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Empathy is the ability to see something from another’s experience and perspective including how they feel. Why is this important as a leader? Empathy is deeply connected to building trust and in Lencioni’s model of the 5 Dysfunctions of a team, trust is the foundation for building highly effective teams and exceptional results.

Empathy requires boundaries or it becomes sympathy.  Its understanding how someone feels and the ability to communicate that understanding through our words, body language, actions and behaviours.  It is not taking on someone else’s feelings for them or saving them from hard emotions.  Again, it’s recognizing and understanding their emotions, what it’s like to feel what they feel, and helping them know that you understand.

Leading with empathy is treating someone with dignity and respect when letting them go for poor performance. Knowing that they may be devastated in losing their job but also disappointed in themselves for not addressing feedback that had been given to them or accepting the support that was offered.  Its recognizing that they may be angry with you and blame you for your part in the loss of their job. It is making tough decisions and communicating them in a direct manner with kindness and not sugar coating the message.  Sugar coating or taking a long time to get to the core message just makes it confusing and actually makes it hit harder when they finally figure out what they are trying to say.

Many leaders I work with are afraid of exploring or conveying empathy because they’re afraid it will have a negative impact on business results.  Empathy doesn’t require you to make different decisions.  It does offer you new information and perspective to consider which in turn may shift your thinking and ultimately your decisions.  I talk with a lot of leaders that don’t want to consider or acknowledge how people feel for fear that they’ll be expected to do what others want vs. what is needed for the situation. Again, this is sympathy, altering your decision to make the other person feel better.  That’s not leadership.  Leadership is knowing they’ll be disappointed and making the decision anyway because it’s the right one for the business, the people or the community and your values or the company values.  Empathy can change how you communicate your decision and build buy-in or support when people know you truly considered and care about the impacts of the decision on their situation and how they feel.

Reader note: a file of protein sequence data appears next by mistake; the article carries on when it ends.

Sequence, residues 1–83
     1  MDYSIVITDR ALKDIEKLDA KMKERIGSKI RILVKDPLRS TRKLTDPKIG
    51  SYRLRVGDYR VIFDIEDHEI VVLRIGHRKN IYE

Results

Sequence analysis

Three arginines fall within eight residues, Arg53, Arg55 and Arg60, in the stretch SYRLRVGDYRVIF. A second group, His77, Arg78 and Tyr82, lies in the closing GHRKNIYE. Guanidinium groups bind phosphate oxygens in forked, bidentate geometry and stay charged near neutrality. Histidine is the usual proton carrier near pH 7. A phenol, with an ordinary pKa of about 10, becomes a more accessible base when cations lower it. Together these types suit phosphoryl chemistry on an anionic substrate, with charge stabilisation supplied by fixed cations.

So how do you tap into empathy?  I’ve spent a number of years exploring empathy in leadership and here are the essential elements as I’ve learned them from Brené Brown, Kristin Neff and Theresa Wiseman:

Pay attention – Notice more than the words in a conversation including tone of voice, body language and any other cues to how the other person may feel.  Pay attention to how your decisions and actions may impact how others feel.

Imagine – what might it be like to be the other person.  What might their experience be from their perspective?

Stay out of Judgement - Avoid judging the other person’s feelings as right or wrong.  How they feel is just how they feel.

Name it – try to understand what the other person may be feeling.

Communicate – Share your understanding of the other person’s feelings with them and be open to them clarifying how they feel.

High performing team and business results go far beyond strategic direction, execution and accomplishing tasks.  It requires us, as leaders, to tap into the hearts and minds of others starting with empathy first.



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